• Binary packages are usually a quicker and easier-to-install choice. But they have to be slightly customized to use the distribution’s standard directory paths. In addition, these packages enable regular management for upgrading, uninstalling, or auditing software on the system. However, packages created by the distributions always lag behind Nmap.Org source releases. And this is clearly a downside, even if most Linux distros keep them fairly up to date.
  • Using the source install gives you more control over how Nmap is developed and tailored for your system. You can find out more about this on the official Nmap page.

How to Run Nmap on Windows

Since its release in 2000, the Windows version has become the second most popular platform for using Nmap. As a Windows user, you get to choose between three instances of installing Nmap:

  • Windows Self-installer – This is the easiest-to-employ option; therefore, it is most users` favorite. It also enables the user to install the Zenmap GUI and other tools.
  • Command-line Zip Binaries – Nmap releases have Windows command-line binaries incorporated and associated files in a Zip archive. On the other hand, there is no graphical interface, so the user has to open a DOS/command window to run exe.
  • Compile from Source Code – For those willing to help develop Nmap, compilation from source code is the best option. For this, you`ll need Microsoft Visual C++ 2019. Any of the Visual Studio 2019 editions should work, including the free Visual Studio 2019 Community.

You can find more information and installation steps for all three options here.

How to Run Nmap on MacOS

Nmap binaries are available for Apple macOS (x86-64) as a disk image file containing an installer. The installer supports Nmap, Zenmap, Ncat, and Ndiff. The programs were tested on Mac OS X 10.9 and other newer versions.

MacOS users also have more options for installing Nmap:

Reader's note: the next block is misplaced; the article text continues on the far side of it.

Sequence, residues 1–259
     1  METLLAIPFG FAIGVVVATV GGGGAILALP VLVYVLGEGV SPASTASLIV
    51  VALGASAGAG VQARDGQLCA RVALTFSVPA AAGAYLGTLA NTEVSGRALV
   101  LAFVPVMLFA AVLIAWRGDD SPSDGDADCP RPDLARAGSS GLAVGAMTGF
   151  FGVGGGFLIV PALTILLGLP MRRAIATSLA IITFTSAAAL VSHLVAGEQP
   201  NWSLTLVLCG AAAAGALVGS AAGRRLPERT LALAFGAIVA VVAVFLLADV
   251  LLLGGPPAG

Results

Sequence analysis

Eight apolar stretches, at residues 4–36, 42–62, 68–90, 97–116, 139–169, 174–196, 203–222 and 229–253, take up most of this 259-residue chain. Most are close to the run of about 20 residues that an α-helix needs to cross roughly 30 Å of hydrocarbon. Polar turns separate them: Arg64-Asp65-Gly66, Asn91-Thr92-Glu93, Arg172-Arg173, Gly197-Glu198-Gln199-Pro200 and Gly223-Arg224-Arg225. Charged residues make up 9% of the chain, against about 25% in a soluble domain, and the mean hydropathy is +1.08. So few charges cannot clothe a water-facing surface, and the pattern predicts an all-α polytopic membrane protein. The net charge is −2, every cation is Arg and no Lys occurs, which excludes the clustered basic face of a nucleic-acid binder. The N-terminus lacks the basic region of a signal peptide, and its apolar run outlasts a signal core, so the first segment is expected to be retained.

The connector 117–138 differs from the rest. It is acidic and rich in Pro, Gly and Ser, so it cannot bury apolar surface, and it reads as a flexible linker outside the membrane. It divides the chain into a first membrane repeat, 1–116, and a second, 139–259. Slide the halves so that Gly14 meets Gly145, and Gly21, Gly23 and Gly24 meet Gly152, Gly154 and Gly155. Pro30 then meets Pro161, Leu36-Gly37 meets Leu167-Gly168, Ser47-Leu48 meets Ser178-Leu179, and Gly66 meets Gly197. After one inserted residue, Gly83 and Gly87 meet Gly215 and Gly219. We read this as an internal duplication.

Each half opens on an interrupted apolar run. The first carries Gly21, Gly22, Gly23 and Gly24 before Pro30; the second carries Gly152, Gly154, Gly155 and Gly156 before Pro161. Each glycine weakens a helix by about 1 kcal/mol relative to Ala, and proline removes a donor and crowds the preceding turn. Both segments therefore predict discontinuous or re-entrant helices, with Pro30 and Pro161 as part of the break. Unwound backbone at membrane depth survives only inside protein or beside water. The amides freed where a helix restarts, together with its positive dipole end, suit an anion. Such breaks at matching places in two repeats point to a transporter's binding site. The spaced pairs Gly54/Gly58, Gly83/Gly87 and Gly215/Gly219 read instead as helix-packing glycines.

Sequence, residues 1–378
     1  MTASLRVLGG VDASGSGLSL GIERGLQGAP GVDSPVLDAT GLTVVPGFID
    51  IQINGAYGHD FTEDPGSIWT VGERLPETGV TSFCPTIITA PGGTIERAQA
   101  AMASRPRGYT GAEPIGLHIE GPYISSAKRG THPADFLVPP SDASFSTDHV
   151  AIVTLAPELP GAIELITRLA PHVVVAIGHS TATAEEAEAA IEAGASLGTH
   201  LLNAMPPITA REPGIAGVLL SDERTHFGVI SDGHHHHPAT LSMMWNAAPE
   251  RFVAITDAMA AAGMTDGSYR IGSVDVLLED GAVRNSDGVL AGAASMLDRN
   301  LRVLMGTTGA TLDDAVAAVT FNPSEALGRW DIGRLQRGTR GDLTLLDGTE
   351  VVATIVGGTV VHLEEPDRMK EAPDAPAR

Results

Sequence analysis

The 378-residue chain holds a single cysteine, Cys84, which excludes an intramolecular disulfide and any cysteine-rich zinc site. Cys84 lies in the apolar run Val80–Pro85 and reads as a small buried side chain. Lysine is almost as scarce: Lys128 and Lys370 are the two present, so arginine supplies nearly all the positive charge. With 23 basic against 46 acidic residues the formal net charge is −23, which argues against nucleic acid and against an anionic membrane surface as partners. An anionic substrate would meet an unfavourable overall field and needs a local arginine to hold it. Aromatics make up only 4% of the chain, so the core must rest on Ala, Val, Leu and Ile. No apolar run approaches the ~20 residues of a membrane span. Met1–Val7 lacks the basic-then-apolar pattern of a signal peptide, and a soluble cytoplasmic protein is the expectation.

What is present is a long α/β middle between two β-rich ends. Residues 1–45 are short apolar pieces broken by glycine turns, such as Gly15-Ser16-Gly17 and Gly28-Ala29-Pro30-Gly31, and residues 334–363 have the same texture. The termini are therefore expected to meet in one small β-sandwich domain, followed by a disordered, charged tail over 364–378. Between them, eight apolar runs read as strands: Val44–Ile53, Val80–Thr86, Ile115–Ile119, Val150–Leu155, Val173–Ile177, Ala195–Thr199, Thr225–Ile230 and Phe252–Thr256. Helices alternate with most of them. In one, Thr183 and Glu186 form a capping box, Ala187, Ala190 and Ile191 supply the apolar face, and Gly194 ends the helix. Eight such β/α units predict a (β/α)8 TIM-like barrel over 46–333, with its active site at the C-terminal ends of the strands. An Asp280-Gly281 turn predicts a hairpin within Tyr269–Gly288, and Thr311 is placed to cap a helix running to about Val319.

• Executable installer – This is the easiest way to install Nmap or Zenmap on a Mac device.
  • Compile from source code – For this, you`ll need Xcode, which is Apple`s developer tool. Since it`s not a default install, you have to download it from the Mac App Store. Good news: it`s free of charge.
  • Use third-party packages – The third option for installing Nmap on MacOS is to employ a system that packages Unix software. The Nmap official page recommends either Fink or MacPorts.

Just like for Windows, the first step for running Nmap on MacOS is to download it from here. Then follow the instruction to properly install and run Nmap on MacOs, here.

5 Other Open-Source Network Scanning Tools Besides Nmap

Nmap may be the most famous network scanning tool, but it sure isn`t the only one. See below some of the other mainstream similar options:

  • Metasploit Framework

Metasploit started as an open-source penetration testing tool. It is now a commercial network scanning tool, used for network exploit detection.

  • Snort

Snort is an open-source, free network intrusion detection tool. Based on protocol analysis and content checking, it detects different kinds of network exploits, such as worms and port scans.

  • OpenSSH

This open-source tool is dedicated to the UNIX environment. SSH, which is short for Secure Shell establishes secure and encrypted communication over an insecure network link between untrusted hosts. It removes network problems: eavesdropping, untrustworthy connections, and connection hijacking between two hosts by encrypting network traffic.